March 2012
Volume 53, Issue 14
Free
ARVO Annual Meeting Abstract  |   March 2012
Prevalence Of Computer Vision Syndrome (CVS) And Dry Eye In Office Workers
Author Affiliations & Notes
  • Mark Rosenfield
    Department of Vision Sciences,
    SUNY College of Optometry, New York, New York
  • Yuliya Bababekova
    SUNY College of Optometry, New York, New York
  • Joan K. Portello
    SUNY College of Optometry, New York, New York
  • Footnotes
    Commercial Relationships  Mark Rosenfield, None; Yuliya Bababekova, None; Joan K. Portello, None
  • Footnotes
    Support  None
Investigative Ophthalmology & Visual Science March 2012, Vol.53, 5459. doi:https://doi.org/
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      Mark Rosenfield, Yuliya Bababekova, Joan K. Portello; Prevalence Of Computer Vision Syndrome (CVS) And Dry Eye In Office Workers. Invest. Ophthalmol. Vis. Sci. 2012;53(14):5459. doi: https://doi.org/.

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      © ARVO (1962-2015); The Authors (2016-present)

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Abstract

Purpose: : Computer Vision Syndrome (CVS) is the combination of eye and vision problems associated with the use of computers. Dry eye may be a primary cause of CVS since both a significantly reduced blink rate and increased corneal exposure have been observed during computer operation. This study examined the prevalence of both CVS and dry eye in a population of office workers.

Methods: : A written questionnaire was used to determine the prevalence of CVS in office workers (N=520; mean age = 39.3 years; range 18-83 years) in midtown Manhattan, and to quantify the effect of risk factors including gender, ethnicity, age, cigarette smoking, and type of refractive correction. The questionnaire also determined the prevalence of ocular surface disease using the Ocular Surface Disease Index (OSDI).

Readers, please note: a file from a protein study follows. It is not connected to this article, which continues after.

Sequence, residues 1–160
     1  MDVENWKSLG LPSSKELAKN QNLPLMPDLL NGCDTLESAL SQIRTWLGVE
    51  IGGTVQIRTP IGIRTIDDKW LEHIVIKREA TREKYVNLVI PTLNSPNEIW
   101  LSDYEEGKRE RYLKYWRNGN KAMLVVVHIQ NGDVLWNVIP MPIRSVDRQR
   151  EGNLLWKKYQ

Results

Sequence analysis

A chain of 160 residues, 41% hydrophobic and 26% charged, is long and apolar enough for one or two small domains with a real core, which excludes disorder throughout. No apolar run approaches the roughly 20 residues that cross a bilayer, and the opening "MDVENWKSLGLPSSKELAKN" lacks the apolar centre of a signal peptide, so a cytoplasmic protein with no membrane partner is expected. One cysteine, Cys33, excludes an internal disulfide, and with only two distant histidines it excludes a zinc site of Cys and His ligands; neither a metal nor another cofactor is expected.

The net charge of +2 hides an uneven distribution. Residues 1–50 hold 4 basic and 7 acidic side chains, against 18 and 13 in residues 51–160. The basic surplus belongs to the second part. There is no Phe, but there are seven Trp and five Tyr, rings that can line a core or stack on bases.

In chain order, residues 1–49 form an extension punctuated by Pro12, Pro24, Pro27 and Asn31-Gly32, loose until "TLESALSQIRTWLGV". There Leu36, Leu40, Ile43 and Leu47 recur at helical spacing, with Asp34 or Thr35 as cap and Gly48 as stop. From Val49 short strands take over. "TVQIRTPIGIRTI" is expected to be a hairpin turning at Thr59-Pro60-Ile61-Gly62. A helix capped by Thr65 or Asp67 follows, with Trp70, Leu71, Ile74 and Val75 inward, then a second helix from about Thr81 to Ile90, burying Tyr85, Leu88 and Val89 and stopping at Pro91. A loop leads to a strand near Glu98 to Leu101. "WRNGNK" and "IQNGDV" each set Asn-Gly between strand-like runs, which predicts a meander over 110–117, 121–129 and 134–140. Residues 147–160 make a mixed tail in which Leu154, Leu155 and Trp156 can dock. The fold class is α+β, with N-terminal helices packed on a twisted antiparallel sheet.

Results: : The most prevalent symptom associated with CVS was tired eyes, which was reported by 40% of subjects as occurring "at least half the time". 32% and 31% of subjects reported symptoms of dry eye and eye discomfort, respectively, with this same frequency. A significant positive correlation (r=0.93) was observed between CVS symptoms and the OSDI. Based on the OSDI data, 21%, 12% and 18% of subjects had mild, moderate and severe ocular surface disease, respectively. CVS symptoms were significantly higher in females, Hispanics, subjects who spent a greater number of hours working on a computer and those using rewetting drops. CVS symptoms did not vary significantly with age or cigarette smoking. While the OSDI was higher in contact lens wearers, this form of refractive correction was not associated with an increased CVS symptom score.

Conclusions: : CVS is a highly prevalent condition in the general population producing symptoms for extended periods of time. It is strongly associated with ocular surface disease. Therapeutic regiments need to be developed for this widespread condition.

Keywords: clinical (human) or epidemiologic studies: prevalence/incidence • cornea: tears/tear film/dry eye • quality of life 
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